The lonely hearts club.

Writing for a number of online publications, one in particular that scores pieces based on hearts, shares, and comments, I’d noticed that my articles on gratitude, self-development and life in general didn’t rate that high.

Thankfully, scoring has never mattered to me. I didn’t even know that was the case when I penned my first piece – until I won first place on the Ecosystem with an unexpected monetary payout, a wonderful surprise that absolutely felt terrific.

Today, I’m shy of 5,000 followers because I took a chance and submitted a piece. How grateful I am because it has impacted my life in countless ways, mostly returning me to the days when writing took precedence in my life. It was a focus, a release, a priority.

But so many focus on that, and only that – how to get more hearts and shares, readers and comments. Obsessively keeping score, evaluating who they are competing with, and what content is gaining attention.

We all desire readers because we want our words to be read and more importantly, we want our words to make a difference in the lives of others. We want our words to resonate. We want readers to feel comforted and heard, understood, most of all.

Yet the reality is, some just want recognition, publicity, and fame – making a difference, second to that.

It can be a fine line between ego and altruism.

I’m in no way shaming or faulting those who are seeking fame and fortune. In some ways, I envy them because they have a relentless drive to be front and center – and usually get there. Heck, my wins have been a surprise throughout my life – never a conscious effort. It was an innate drive to work hard and tune out the naysayers. Those supposedly smarter, wiser and more confident.

Age and experience is a gift. I’ve learned to see through people and separate the frauds from the authentic. Those competing, and those collaborating. Those sincere, and those who are phonies.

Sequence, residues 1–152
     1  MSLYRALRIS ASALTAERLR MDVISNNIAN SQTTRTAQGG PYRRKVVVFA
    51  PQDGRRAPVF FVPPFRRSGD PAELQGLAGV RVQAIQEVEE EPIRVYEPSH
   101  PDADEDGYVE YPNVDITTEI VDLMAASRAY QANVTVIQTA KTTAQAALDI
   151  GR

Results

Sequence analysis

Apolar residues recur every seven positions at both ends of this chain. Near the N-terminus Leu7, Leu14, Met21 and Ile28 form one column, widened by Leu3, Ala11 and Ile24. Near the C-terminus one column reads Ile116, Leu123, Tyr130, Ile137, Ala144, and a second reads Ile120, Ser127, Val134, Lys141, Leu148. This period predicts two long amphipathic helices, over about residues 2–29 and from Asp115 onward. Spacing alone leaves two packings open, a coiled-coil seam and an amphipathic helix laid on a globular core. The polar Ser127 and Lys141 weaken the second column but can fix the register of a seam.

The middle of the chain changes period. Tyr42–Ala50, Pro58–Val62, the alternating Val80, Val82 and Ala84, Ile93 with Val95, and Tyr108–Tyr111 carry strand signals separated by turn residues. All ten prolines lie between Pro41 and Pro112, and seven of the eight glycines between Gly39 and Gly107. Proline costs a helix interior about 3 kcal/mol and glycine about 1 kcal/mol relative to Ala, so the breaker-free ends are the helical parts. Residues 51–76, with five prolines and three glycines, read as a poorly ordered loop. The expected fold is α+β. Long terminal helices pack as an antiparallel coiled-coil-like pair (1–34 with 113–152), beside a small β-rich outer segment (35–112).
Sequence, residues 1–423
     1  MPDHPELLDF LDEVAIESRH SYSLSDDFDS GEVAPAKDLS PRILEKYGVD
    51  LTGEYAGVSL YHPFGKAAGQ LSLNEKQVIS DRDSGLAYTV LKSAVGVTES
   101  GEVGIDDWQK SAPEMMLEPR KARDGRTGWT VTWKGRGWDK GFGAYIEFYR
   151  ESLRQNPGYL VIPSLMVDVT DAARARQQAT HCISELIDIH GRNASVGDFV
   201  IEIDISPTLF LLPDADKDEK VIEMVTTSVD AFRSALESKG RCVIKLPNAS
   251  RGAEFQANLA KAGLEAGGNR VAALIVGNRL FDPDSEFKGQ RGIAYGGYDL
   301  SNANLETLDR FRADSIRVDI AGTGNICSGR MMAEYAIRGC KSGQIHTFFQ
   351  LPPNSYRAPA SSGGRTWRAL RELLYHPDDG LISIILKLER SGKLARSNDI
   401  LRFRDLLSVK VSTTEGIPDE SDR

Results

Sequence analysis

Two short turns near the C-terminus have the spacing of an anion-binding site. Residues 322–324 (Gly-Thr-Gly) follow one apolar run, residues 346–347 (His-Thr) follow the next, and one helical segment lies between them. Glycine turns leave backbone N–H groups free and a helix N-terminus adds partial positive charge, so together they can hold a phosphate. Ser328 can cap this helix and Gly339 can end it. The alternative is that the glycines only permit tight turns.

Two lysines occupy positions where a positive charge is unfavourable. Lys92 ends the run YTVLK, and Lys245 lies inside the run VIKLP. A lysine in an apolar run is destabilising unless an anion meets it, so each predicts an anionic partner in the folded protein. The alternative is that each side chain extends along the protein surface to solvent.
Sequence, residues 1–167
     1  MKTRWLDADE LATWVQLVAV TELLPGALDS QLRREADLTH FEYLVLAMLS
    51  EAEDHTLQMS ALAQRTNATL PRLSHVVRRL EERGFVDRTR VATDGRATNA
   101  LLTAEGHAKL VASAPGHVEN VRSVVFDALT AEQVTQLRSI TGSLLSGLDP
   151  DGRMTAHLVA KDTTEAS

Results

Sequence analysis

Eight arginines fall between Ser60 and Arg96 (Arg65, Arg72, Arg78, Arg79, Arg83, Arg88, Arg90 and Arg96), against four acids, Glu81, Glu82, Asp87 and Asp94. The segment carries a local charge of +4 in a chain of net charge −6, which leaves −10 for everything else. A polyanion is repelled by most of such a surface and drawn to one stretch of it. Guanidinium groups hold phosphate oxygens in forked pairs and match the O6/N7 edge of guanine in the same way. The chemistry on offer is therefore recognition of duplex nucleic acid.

Ironically, my former partner was financially motivated. Despite rewards, awards and accolades, he respected nothing that didn’t earn money. There was no value placed on volunteering, community service, or making a difference because it was important to me – and others. If there was no green involved, he didn’t support it. It irritates me to this day. Mostly because I tried to change his mind rather than walk away after seeing that very red flag, and vast difference in values.

And when I did earn monetary recognition? The response was dismissive, passive and almost condescending in delivery. It was infuriating, and admittedly still is because I haven’t fully let go, or made my peace with so many aspects of our relationship. I admit to longing for more, a shift in perspective and a motion to make what we had work. Not the case, and I’m the one who needs to let go – and I do more and more each day. I’m almost there. 🙂

To that point, I recently decided to experiment. I penned a piece about love, loss and heartache. I shared what I was feeling deep in my heart, my soul, and my vulnerability was shared with those near 5,000 followers and, possibly more.

My takeaway was, most people want to dwell in love and loss. Heartache is popular. Pain is relatable. Longing is key.

The score was again, high.

But what I struggle with is, what will I have for my readers without love? As a friend once challenged me to do, must I date and seek a love again to gain reader’s attention? Does anyone want to read about anything more than love and heartache?

I’m in a neutral state. I haven’t yet made peace with the love that I feel was thrown away, and I’ve no desire to love again – romantically. I’d said from our start that he would be my last. I meant it, so how can I move on? I don’t want to, yet I feel that I should because maybe that’s what I need. I may be stuck, and should allow someone else in. Maybe I shouldn’t resign myself to that fate. Life is meant to be lived – and why would we ever stop seeking romance? I used to feel that way.

I’ve historically created much through the inspiration of a muse. Yet I’m struggling with that as well. I have one – but something is dead inside of me.

I was reminded that there may not be a forever. After all, I felt the same way five years ago before I gave my heart to someone who I thought would be here forever. It seems I was wrong, again. But he rekindled the fire inside of me, the one I’d thought had burned out. We have no way of knowing who will stay, and who will go. But does that mean we stop trying?

What’s forever for? And how do we learn how to once again love for today, romantically, when we want forever? A conundrum.

Some make it look so easy. Some of us aren’t even able to find a way to start anew.

But I have learned, love sells. Heartache is popular. Loneliness most relatable.

Welcome to my lonely hearts club. May you join me in making the time to find our way back – or toward – where we need to be.

Author: E.M. Murphy

A voracious writer, lifetime learner and eternal seeker who aims to open minds and hearts. Armed with a Bachelor of Arts in Psychology and a NASM Certified Behavior Change Specialist, humanity and humor is at the heart of my writing, reminding us that the key to success will always start with a genuine concern for others while making sure to be true to our authentic selves.

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